We have technologies like YouTube that can reach millions with a minimal impact on the environment, yet virtual meetings, press conferences and the like seem like a rarity in the world of environmental concern.

Walk the Talk!

Posted in Authenticity, Design, environment | Tagged: , , , , , , | Leave a Comment »

Are Crowd Powered Apps a New Invasive Species? – Innovation Creating Collateral Damage

Posted by Plish on December 15, 2014

What do the Cane ToadMosquito Fish  and the traffic app Waze have in common?

Cane Toads (Pic Courtesy of Sydney.edu.au)

Mosquitofish (Pic courtesy of National Geographic)

Waze (Courtesy of Waze)

 

Give up?

The are all innovations that created collateral damage.

Cane Toads were introduced to Australia in an effort to control the Cane Beetle which was destroying sugar cane.  The problem is that the can toad loved the environment and preferred eating anything other than the Cane Beetle.  As a result it is the ‘poster child’ for failed invasive species control measures.

Mosquito Fish were introduced to control mosquitos and in fact were instrumental in controlling Malaria outbreaks in South America, Ukraine and Southern Russia. However, they are extremely aggressive and if not watched, they can wreck aquatic ecosystems because of their competitive nature.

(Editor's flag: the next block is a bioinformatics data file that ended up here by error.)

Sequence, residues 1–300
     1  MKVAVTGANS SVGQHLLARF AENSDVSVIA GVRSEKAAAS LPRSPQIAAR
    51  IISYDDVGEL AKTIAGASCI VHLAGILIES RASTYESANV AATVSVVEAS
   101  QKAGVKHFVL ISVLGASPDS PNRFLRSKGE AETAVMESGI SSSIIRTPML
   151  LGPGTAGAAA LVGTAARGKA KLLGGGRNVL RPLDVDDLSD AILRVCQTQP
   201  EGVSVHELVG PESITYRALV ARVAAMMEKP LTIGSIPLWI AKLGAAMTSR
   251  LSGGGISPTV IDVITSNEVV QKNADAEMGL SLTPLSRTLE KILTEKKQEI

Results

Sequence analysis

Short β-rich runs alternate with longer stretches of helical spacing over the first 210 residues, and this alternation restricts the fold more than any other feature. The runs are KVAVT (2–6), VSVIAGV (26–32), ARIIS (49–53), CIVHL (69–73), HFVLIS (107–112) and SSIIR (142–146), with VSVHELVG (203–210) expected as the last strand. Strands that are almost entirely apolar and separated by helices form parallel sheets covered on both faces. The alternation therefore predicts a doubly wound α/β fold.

Waze?  I’m sure you’ve heard of it. Heck,  I’ve used it on occasion.  But, it too has solved one problem (helps people get to destinations more efficiently by leveraging the power of the crowd,) and created another: turning quiet streets into major thoroughfares.  As people travelling on the highways of California hit bad traffic, they turn to Waze to find alternate routes.  The result?  Nice, quiet neighborhoods that never used to see heavy traffic now have stifling traffic patterns.

A solution created a problem.

Collateral damage isn’t the only issue here.  The more I thought of this situation, something struck me.  Two of the three above are considered invasive species.  Is the third, Waze, also an invasive species?

Can an app be an invasive species?

An invasive species is a plant or animal that is not native to a specific location (an Introduced species); and has a tendency to spread, which is believed to cause damage to the environment, human economy and/or human health.